There can be little doubt that eliminating opportunity gaps (within and outside of school) is by far the most important factor to improving student learning and eliminating achievement gaps.  In an age of accountability, however, it can be quite difficult for stakeholders to focus simultaneously on long-term solutions and short-term ratings. One need only read the statement of purpose for Title 1 (see below) to get a sense of why this is so difficult.  The constant shifting back and forth between the need for programs to provide equal opportunities and accountability systems and assessment to measure gaps is enough to make your head spin.  But that is the task before us.

We need to bridge the current gap between the programs being implemented under Title 1 and the measures of the effectiveness of those programs.  Bridging that gap will require an understanding of the realistic, research-based outcomes that can be expected from those programs in the short term when they are implemented under existing (less than ideal) conditions and over the long term.  Acquiring that understanding will require honest communication about both the opportunity gap and the achievement gap. And that understanding and communication will have to lead to sound policies.  That’s the annoying thing about bridging gaps.  There are no short cuts.



Title I — Improving The Academic Achievement Of The Disadvantaged


Title I of the Elementary and Secondary Education Act of 1965 (20 U.S.C. 6301 et seq.) is amended to read as follows:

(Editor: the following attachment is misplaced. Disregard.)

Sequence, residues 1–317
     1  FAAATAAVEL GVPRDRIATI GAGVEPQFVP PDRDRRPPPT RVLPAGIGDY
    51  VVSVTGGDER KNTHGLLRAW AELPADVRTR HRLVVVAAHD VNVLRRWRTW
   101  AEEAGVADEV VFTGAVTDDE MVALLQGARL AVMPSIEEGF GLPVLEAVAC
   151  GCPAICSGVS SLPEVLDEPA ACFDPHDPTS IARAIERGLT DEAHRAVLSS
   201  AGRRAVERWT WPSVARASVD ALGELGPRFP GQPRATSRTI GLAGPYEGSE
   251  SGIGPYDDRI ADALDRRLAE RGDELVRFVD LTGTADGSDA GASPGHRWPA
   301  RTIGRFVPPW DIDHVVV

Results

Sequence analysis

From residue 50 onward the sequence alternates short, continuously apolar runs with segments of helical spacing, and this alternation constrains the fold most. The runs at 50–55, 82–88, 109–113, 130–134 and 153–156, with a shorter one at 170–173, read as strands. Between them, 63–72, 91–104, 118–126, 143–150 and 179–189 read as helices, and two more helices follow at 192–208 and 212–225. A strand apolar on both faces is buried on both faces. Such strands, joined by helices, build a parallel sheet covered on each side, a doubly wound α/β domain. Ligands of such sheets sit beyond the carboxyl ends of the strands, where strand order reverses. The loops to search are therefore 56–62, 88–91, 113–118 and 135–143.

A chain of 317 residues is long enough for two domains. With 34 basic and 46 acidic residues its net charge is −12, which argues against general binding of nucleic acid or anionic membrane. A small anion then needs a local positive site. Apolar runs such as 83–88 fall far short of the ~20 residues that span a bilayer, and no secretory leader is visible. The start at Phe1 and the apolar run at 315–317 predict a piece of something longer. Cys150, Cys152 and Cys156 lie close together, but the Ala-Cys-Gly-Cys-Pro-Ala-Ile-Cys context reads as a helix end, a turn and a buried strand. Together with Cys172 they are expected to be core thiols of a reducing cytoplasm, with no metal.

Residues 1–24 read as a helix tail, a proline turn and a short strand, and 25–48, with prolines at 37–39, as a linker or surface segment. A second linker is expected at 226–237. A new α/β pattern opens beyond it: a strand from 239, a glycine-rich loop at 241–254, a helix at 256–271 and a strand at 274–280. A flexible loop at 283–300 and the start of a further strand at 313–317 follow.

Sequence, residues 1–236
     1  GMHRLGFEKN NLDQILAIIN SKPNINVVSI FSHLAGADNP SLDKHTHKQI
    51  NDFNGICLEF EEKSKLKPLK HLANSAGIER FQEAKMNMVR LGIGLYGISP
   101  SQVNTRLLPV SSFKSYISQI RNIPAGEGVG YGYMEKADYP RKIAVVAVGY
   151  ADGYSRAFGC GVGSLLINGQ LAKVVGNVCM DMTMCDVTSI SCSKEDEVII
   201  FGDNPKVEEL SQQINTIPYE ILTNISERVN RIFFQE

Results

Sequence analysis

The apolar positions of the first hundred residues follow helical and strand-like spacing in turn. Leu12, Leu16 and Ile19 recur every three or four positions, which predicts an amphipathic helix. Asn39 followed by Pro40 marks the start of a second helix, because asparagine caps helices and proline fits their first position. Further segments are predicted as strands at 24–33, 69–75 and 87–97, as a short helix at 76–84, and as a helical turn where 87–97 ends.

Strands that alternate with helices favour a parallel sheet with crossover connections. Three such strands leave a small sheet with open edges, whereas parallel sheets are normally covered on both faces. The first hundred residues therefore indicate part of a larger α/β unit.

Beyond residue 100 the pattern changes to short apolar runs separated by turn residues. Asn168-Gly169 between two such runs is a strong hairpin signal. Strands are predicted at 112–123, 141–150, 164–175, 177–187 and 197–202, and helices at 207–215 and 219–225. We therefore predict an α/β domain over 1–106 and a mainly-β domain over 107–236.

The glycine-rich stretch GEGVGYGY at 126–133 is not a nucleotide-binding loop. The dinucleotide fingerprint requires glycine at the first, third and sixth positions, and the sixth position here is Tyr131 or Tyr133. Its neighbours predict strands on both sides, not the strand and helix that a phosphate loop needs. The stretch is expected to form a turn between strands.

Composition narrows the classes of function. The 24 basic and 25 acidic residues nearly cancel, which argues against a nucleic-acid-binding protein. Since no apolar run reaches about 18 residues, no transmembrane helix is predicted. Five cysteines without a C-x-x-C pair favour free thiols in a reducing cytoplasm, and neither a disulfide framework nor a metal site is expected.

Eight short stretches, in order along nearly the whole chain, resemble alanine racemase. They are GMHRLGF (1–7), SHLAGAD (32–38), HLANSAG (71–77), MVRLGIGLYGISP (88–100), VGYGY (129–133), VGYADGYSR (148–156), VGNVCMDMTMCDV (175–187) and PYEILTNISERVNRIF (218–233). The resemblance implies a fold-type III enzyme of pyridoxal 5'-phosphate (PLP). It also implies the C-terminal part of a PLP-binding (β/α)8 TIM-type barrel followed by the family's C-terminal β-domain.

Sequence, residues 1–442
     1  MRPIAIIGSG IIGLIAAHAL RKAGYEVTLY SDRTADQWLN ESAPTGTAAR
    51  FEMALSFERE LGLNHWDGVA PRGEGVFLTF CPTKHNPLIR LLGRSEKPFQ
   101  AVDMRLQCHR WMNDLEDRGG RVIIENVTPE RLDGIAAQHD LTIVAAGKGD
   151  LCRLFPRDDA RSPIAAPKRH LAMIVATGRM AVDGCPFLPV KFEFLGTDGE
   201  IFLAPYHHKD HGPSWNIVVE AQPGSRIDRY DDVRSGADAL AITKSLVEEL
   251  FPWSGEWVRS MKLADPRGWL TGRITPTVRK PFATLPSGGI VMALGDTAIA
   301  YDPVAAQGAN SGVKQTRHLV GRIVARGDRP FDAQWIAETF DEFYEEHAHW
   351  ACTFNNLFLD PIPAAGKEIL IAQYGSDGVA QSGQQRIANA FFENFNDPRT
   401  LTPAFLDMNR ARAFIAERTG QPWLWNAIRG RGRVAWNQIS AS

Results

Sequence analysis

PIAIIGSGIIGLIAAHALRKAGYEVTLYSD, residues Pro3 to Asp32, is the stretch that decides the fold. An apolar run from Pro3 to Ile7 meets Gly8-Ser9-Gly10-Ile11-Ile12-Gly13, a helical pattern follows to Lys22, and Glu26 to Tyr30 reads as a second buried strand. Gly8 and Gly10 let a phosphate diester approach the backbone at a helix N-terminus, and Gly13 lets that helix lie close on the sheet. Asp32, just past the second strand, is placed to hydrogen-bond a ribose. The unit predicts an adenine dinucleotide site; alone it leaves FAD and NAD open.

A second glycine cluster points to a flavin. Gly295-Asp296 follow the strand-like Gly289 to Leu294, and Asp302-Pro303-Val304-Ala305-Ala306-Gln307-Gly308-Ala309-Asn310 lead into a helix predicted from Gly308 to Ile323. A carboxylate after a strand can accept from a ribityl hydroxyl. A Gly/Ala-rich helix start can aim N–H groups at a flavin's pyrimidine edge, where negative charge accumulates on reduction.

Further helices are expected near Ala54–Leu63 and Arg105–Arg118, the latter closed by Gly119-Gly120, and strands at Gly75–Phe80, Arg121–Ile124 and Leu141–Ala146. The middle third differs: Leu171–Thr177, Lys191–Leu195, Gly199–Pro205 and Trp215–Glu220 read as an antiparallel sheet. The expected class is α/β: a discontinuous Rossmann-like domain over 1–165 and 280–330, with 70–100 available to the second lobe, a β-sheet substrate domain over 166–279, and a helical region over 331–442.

The purpose of this title is to ensure that all children have a fair, equal, and significant opportunity to obtain a high-quality education and reach, at a minimum, proficiency on challenging State academic achievement standards and state academic assessments. This purpose can be accomplished by —

(1) ensuring that high-quality academic assessments, accountability systems, teacher preparation and training, curriculum, and instructional materials are aligned with challenging State academic standards so that students, teachers, parents, and administrators can measure progress against common expectations for student academic achievement;

(2) meeting the educational needs of low-achieving children in our Nation’s highest-poverty schools, limited English proficient children, migratory children, children with disabilities, Indian children, neglected or delinquent children, and young children in need of reading assistance;

(3) closing the achievement gap between high- and low-performing children, especially the achievement gaps between minority and nonminority students, and between disadvantaged children and their more advantaged peers;

(4) holding schools, local educational agencies, and States accountable for improving the academic achievement of all students, and identifying and turning around low-performing schools that have failed to provide a high-quality education to their students, while providing alternatives to students in such schools to enable the students to receive a high-quality education;

(5) distributing and targeting resources sufficiently to make a difference to local educational agencies and schools where needs are greatest;

(6) improving and strengthening accountability, teaching, and learning by using State assessment systems designed to ensure that students are meeting challenging State academic achievement and content standards and increasing achievement overall, but especially for the disadvantaged;